Wallace State’s Shane Morrow takes advantage of Prior Learning Assessment to quickly earn degree

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Shane Morrow (Photo courtesy of WSCC) 

HANCEVILLE, Ala. — Shane Morrow said earning his degree in machine tool technology at Wallace State Community College opened many doors to further his career. The Jasper resident had worked in the field most of his adult life, but did not have the degree that has now allowed him to begin teaching others. 

Morrow graduated Parrish High School in 2000 and took some classes at Bevill State before entering the workforce as an apprentice and earning certificates through the Department of Labor. He spent the next 16 years working in the field before he was approached about possibly teaching. While he was making a good living as a machine tool technologist, without a degree, he wouldn’t be able to teach. That’s where Wallace State and the benefits of Prior Learning Assessment came in. 

Prior Learning Assessment allows individuals transfer career experience and/or credentials earned on the job into credits for some college courses. With credits from core classes that he took at Bevill State shortly after high school and his work experience and credentials, Morrow was able to cut the credits needed to complete his degree by more than half.  

“I had to take one ethics class and maybe six or seven machine tool technology classes,” he said. “Out of the 45 or 46 credits I needed for MTT, I was able to do PLA for about 27-28 of those.”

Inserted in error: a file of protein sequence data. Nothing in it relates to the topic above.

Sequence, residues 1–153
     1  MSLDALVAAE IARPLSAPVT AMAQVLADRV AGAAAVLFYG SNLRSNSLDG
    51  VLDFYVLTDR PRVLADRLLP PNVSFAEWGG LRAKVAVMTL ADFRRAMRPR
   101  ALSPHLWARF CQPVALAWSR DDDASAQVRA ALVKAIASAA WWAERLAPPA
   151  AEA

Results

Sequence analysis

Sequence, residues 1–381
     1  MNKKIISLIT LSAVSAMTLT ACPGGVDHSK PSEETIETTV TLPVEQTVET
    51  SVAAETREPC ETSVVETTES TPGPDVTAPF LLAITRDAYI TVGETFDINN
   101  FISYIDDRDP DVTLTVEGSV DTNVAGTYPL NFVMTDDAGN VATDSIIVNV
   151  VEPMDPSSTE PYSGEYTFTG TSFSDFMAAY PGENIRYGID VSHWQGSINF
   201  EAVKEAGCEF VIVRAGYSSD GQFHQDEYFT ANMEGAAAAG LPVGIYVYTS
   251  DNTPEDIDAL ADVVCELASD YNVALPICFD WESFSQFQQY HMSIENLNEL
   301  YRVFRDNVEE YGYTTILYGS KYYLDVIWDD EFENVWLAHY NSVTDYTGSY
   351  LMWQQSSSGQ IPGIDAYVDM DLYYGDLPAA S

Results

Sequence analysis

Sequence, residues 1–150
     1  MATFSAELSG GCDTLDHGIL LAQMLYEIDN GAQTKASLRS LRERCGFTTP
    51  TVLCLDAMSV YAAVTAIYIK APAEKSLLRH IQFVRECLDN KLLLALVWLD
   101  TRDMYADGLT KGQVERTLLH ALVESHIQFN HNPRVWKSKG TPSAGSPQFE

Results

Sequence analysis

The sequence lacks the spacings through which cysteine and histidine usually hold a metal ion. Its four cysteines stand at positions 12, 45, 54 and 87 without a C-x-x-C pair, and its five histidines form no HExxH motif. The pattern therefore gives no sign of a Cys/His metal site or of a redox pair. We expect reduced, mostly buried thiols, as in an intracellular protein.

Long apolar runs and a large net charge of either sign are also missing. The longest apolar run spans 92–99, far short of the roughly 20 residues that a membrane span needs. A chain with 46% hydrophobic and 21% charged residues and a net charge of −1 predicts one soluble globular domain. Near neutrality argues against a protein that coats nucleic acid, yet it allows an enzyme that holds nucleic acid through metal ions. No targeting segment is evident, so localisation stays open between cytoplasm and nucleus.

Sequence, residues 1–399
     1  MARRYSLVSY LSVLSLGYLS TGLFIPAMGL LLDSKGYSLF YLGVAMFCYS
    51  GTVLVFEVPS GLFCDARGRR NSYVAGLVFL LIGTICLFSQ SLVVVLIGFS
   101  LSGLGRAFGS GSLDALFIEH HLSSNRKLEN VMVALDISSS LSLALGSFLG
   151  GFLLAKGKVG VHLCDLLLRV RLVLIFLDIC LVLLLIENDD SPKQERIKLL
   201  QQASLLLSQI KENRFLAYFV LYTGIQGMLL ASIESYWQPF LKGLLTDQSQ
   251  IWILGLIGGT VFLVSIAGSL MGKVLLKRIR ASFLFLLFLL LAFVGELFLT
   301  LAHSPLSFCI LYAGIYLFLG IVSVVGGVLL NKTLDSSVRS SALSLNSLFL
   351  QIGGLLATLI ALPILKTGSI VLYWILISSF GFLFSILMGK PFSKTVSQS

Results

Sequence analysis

Morrow said being able to use Prior Learning Assessment was extremely beneficial to him, allowing him to complete his degree without taking classes he didn’t need due to his prior experience in the field. 

He expressed his thanks to both Susan Peek, who helped determine his PLA, and MTT Instructor Gary McMinn. 

“Susan Peek was very informative and helpful,” he said. “She was very quick to answer an email or answer a call and point me in the right direction. 

“Gary McMinn was great to work around my work schedule,” he added. “I called Gary after graduation and he took the time to coach me for my interviews.” 

Morrow said Wallace State exceeded all of his expectations. 

“I was blown away,” he said. “Not only was I not just a number, but everyone I came in contact with at Wallace genuinely cared.” 

Morrow is now teaching machine tool technology at Bevill State in Jasper and plans to earn his bachelor’s degree. He encourages anyone working in their field and who may want to advance in their careers to look into Wallace State and Prior Learning Assessment.  

“Some shops you really don’t have room to grow without an associate degree,” Morrow said. “Some corporations want to see that degree before you get a supervisor or programming role.” 

This is one in a series of spotlights and events to be featured in April as Wallace State celebrates national Community College Month. Visit www.wscccalumni.org/ccmonth21 for more information.